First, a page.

Scottish Gaelic Cill Saidhe
|Residents||9885 2011 census|
|ZIP code section||G65|
|Part of the country||Scotland|
|Council area||North Lanarkshire|
|British Parliament||Cumbernauld, Kilsyth and Kirkintilloch East|
|Scottish Parliament||Cumbernauld and Kilsyth|
Kilsyth is the northernmost town in North Lanarkshire. It is located in the Central Belt about 18 km northeast of Glasgow , southwest of Stirling and west of Falkirk . Kilsyth is the capital of the Parish of the same name , which borders with three surrounding council areas, Stirling , Falkirk and East Dunbartonshire . In the north, the urban area is bounded by the Kilsyth Hills and in the south by the Kelvin River . The northeastern Garrel Burn stream flows through Kilsyth and flows into the Kelvin.
Archaeological studies have shown that the Kilsyth area was inhabited as early as the Stone Age. To the east of today's city was the 16th or early 17th century Colzium Castle , which was destroyed at the beginning of the 18th century. In 1620 Kilsyth received the rights of a burgh . On August 15, 1645, Kilsyth was the scene of the Battle of Kilsyth , in which 3,500 royalist soldiers around the Marquess of Montrose clearly defeated around 8,000 Covenanters . Today the Colzium House is on the grounds of the former Colzium Castle.
The modern Kilsyth dates back to 1665 and was developed in the 1670s by James Livingstone, 2nd Viscount Kilsyth . Due to the proximity to the flourishing cities of Glasgow and Stirling, Kilsyth acquired a certain importance as a stopover for the goods trade. The city later benefited from its proximity to the textile processing companies in Glasgow and was itself the location of a textile company from 1845. In addition, as in many surrounding places, coal was mined in Kilsyth in the past. Between 1923 and 1967 Kilsyth was one of the few British cities where alcohol sales were prohibited.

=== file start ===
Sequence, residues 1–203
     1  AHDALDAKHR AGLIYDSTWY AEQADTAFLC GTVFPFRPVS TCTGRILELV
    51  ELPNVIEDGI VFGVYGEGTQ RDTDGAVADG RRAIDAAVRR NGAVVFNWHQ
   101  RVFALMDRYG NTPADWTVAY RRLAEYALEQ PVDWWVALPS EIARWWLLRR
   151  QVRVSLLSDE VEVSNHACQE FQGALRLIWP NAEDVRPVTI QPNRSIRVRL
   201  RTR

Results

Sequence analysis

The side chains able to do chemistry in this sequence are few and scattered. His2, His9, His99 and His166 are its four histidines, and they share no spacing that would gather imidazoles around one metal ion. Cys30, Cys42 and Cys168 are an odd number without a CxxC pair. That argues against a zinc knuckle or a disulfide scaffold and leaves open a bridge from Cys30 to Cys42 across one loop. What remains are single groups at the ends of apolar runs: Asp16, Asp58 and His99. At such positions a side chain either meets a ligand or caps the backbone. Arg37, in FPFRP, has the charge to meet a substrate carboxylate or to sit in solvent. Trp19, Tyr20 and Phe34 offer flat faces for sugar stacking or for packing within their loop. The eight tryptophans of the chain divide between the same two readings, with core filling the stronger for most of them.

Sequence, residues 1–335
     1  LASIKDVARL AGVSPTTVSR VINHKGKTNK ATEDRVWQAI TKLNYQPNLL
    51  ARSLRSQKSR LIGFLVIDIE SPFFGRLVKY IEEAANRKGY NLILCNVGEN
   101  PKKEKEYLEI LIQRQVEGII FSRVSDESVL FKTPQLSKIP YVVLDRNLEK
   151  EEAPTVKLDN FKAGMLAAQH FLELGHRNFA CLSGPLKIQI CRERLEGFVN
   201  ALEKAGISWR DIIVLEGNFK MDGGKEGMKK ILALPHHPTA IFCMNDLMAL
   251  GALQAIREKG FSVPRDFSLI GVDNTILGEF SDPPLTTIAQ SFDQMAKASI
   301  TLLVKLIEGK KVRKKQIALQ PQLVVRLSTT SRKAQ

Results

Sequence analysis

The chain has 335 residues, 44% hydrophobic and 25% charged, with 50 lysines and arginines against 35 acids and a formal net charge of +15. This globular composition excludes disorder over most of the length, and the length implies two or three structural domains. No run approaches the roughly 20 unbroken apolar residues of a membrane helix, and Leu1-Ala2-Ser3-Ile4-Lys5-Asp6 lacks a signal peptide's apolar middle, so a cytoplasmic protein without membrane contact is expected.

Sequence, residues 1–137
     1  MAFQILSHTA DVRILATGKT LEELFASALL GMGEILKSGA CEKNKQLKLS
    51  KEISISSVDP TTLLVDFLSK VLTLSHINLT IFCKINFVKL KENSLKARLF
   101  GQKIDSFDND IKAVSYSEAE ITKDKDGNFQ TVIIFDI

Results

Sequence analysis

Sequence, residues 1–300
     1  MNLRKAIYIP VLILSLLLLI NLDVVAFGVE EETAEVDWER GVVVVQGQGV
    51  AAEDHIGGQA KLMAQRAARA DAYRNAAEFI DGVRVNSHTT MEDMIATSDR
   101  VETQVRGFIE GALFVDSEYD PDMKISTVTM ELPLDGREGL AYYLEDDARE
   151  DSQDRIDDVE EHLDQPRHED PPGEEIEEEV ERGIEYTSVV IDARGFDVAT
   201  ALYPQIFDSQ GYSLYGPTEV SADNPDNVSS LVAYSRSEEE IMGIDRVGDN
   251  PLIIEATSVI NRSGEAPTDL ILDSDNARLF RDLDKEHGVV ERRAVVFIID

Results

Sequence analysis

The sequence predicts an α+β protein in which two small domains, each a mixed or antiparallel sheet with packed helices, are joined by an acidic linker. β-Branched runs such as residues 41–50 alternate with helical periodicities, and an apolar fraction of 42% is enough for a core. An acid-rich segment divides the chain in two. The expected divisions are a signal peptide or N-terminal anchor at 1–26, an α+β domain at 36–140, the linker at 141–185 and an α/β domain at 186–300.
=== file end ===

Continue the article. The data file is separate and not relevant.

Kilsyth is on the A803 which runs from the M9 at Linlithgow via Falkirk to Glasgow. The M80 is accessible three miles south at Cumbernauld . Kilsyth does not have its own train station. However, with the establishment of the Edinburgh and Glasgow Railway, a station was opened in Croy , three kilometers south , which is still served today on the Croy Line and the Glasgow to Edinburgh via Falkirk Line . Directly south of Kilsyth runs the Forth and Clyde Canal, a historically important waterway for goods traffic. With the airports of Glasgow and Edinburgh two international airports within a radius of 45 km are available.
- List of Gaelic expressions
- Kilsyth. North Lanarkshire. In: David Munro, Bruce Gittings: Scotland. An Encyclopedia of Places & Landscapes. Collins et al., Glasgow 2006, ISBN 0-00-472466-6 .
- Kilsyth. In: Francis H. Groome: Ordnance Gazetteer of Scotland: A Survey of Scottish Topography, Statistical, Biographical and Historical. Volume 4: (Har - Lib). Thomas C. Jack, Grange Publishing Works, Edinburgh et al. 1885, pp. 385-387 .
- E. Patricia Dennison, Gordon Ewart, Dennis Gallagher, Laura Stewart: Historic Kilsyth. Archeology and Development. The Council for British Archeology for Historic Scotland, York 2006, ISBN 1-902771-57-5 .
- Entry on Colzium Castle in Canmore, the database of Historic Environment Scotland (English)
- Entry on Kilsyth in Canmore, the database of Historic Environment Scotland (English)